yes its only paint ,but speciallised paint ,its used on your car,and surfaces that are meant to last ,its a polyurethane coating that requires the aplicators to be in atmostpheric suits ,totally dust free ,this stull kills people that dont use the correct protective equiptment ,you never see old plasterers ,tilers,spraypainters ,and the reason is the have been affected by their trade when you dont do the above ,you will die
Re: 2 pack poly vs vinyl wrap11
Mar 19, 2007 5:15 pm
Why is 2 pack the most expensive? It's only paint, isn't it?
yes its only paint ,but speciallised paint ,its used on your car,and surfaces that are meant to last ,its a polyurethane coating that requires the aplicators to be in atmostpheric suits ,totally dust free ,this stuff kills people that dont use the correct protective equiptment ,you never see old plasterers ,tilers,spraypainters ,and the reason is the have been affected by their trade when you dont do the above ,you will die
Re: 2 pack poly vs vinyl wrap12
Mar 20, 2007 7:30 am
Yes, that's right it is specialised paint. It's baked enamel. It is applied to the surfaces and baked on. This process hardens the paint (or cures it). From my understanding it is baked a few times and that's why the process takes so long. Believe me, with little children with freedom (not running a muck) can enjoy being in a kitchen with me and I experience no chips, scratches etc. However that doesn't mean that it doesn't chip or scratch, it will, but it takes a lot of hard knocks.
It's the ultimate in kitchens, it class, expensive, but yet hard wearing and long lasting.
the paint is only baked to speed up the curing process ,it is a two part process and will cure itself just as well if its baked or just left to cure
Re: 2 pack poly vs vinyl wrap14
Mar 28, 2007 10:36 am
Ive had both and 2-pac is far superior.
When we built our house 10 years ago Vinyl Wrap was sold to us as the latest and greatest which allowed for routed shapes etc.
We got a sort of off white colour and I suppose after about 8 years areas around the stove and microwave started to sepearate and peel. Also it suffered the "yellowing"effect but this wasn't too noticable unless you knew the original colour.
We recently replaced all the doors/kickboards etc with 2-pac for about $3k and so far are extremely happy and I believe it's a far superior product.
The worst area for grease was around the Rangehood and it just wipes off very easily whereas I believe the vinyl took a bit more elbow grease.
Re: 2 pack poly vs vinyl wrap16
Apr 11, 2007 10:42 pm
Personally, I'd never want something as toxic as 2 Pac in my home!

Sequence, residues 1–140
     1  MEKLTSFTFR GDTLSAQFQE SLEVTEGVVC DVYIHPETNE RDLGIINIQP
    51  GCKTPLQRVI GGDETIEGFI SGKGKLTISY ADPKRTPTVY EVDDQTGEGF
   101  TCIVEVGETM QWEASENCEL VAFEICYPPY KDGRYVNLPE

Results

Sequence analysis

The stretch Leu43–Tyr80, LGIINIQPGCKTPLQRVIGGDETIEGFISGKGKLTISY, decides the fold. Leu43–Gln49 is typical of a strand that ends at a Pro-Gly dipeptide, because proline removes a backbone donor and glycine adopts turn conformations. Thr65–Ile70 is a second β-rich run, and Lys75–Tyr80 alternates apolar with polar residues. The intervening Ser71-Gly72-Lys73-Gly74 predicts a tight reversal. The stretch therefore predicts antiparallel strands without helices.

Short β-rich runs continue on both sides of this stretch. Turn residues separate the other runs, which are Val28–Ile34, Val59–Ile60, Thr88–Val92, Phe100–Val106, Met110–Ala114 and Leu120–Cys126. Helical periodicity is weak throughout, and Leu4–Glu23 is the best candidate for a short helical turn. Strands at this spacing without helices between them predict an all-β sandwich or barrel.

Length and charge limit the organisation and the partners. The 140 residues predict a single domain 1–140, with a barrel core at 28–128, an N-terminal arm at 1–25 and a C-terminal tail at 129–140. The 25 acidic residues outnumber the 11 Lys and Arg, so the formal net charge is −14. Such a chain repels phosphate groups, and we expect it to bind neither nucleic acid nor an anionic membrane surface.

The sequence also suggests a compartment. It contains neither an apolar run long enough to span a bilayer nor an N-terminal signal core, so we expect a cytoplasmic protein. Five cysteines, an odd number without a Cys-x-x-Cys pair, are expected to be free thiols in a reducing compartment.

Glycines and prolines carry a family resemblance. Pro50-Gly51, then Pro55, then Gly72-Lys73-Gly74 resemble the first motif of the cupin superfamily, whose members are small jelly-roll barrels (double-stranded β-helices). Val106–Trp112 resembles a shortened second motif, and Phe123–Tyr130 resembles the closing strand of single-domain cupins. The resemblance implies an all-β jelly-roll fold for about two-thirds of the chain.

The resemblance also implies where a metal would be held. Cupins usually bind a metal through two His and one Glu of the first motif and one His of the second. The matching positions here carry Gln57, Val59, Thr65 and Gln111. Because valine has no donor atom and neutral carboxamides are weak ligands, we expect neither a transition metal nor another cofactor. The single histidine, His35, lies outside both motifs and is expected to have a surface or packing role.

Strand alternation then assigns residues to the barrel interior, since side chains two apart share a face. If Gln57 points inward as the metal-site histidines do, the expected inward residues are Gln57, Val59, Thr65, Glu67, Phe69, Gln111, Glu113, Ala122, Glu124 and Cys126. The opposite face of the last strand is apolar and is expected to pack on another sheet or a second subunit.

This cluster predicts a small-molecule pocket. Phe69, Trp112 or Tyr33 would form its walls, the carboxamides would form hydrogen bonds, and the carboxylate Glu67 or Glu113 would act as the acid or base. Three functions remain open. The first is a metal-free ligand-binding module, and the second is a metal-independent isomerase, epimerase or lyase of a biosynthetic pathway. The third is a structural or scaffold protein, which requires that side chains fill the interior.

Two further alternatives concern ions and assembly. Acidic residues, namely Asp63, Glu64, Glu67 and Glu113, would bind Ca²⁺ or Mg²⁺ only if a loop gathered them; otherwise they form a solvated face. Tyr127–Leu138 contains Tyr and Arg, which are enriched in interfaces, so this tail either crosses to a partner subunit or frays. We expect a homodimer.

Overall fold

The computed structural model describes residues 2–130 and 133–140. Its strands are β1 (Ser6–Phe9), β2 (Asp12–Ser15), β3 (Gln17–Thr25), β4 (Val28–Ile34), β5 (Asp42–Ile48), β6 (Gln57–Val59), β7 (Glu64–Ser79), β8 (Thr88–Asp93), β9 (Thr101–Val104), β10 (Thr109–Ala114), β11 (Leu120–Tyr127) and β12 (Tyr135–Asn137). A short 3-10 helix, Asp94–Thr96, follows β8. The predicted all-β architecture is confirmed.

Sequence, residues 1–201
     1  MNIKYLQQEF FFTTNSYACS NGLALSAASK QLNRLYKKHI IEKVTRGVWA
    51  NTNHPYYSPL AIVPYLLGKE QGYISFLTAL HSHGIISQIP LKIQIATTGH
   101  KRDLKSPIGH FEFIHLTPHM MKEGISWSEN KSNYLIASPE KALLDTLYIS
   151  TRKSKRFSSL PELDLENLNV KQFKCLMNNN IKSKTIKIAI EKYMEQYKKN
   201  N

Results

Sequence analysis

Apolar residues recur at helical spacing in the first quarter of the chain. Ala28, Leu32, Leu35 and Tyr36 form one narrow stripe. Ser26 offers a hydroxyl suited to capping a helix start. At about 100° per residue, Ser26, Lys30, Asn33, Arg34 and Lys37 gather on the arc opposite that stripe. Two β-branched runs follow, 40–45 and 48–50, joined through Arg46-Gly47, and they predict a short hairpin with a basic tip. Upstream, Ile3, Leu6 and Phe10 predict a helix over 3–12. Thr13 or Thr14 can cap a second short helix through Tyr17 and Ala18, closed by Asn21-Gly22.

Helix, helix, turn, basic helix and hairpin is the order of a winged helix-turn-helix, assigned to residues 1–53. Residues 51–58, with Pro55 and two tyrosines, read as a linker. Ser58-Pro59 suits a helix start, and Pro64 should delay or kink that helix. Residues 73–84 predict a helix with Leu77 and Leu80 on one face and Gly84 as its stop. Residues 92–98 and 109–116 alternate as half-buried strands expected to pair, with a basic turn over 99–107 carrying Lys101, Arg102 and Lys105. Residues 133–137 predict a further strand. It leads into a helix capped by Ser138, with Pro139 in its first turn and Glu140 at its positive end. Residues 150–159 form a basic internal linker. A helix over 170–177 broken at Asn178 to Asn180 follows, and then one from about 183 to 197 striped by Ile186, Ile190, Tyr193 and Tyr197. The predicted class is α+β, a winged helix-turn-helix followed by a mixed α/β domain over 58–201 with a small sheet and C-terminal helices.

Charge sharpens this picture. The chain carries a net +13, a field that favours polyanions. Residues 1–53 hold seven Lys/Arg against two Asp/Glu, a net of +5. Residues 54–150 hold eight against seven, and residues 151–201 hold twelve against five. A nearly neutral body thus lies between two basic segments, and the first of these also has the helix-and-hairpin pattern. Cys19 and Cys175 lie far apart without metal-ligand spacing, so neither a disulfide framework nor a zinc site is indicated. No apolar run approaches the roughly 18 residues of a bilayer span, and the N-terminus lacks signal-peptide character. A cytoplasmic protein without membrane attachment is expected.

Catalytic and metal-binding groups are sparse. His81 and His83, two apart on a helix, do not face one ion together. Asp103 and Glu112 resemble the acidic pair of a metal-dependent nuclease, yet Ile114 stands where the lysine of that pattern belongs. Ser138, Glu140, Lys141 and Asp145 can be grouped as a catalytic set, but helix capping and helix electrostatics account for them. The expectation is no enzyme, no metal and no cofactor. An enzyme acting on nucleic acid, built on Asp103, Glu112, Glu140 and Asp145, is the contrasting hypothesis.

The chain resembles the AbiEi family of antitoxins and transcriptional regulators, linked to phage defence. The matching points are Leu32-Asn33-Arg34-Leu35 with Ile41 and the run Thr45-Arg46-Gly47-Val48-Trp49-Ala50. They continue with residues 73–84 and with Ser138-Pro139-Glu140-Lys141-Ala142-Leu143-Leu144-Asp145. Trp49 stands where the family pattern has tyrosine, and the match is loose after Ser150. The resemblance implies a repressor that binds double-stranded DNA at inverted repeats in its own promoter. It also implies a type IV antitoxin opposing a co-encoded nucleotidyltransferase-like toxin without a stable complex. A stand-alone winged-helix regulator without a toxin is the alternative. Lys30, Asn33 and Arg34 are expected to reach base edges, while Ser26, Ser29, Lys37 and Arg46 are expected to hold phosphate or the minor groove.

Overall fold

See http://www.csiro.au/files/mediarelease/ ... chrome.htm for info on the toxicity of new homes generally, and info from one of a number of websites on natural paint products at http://www.energyandwatersolutions.com.au/natural.htm. There's also good stuff on indoor pollution at www.greenhouse.gov.au/yourhome/technical/fs33.htm
I'm looking at hoop pine and similar renewable resources for our kitchen and will be finishing them with a plant based product. There are now also some very funky recycled plastics around - these are inert, so no offgassing.
yours for a healthy home
Polyurethane VS Thermolaminate Vinyl VS Melamine18
Jan 05, 2008 12:22 am
I found this topic very useful when trying to decide what to use for doors for my new kitchen. However I would love to get more input/suggestions from people.
Currently I have a choice of using Polyurethane (Australian made quality, not sure what brand), Thermolaminate(Polytec) and Melamine(Polytec sheen, which is gloss finish with PVC edges) for doors.
My kitchen is of a fairly std size. I have been quoted for Melamine and have been told Poly will cost $2.5K to 3K more. I have not asked how much for Thermolaminate but I would presume it would be somewhere in between.
What I am after is gloss and also easiness to clean. I have young kids so weakness to impact would be fatal.
Based on the cost difference above, would most people definitely go for Poly or would think Melamine (I think it is same as Laminate, just confirming) is good enough?
Also, has anyone used Polytec Thermolaminate for doors and actually had peeling issues? Also anyone who used Melamine with bad experiences? (I am thinking Melamine, if its gloss, is as much easy to clean as Poly?)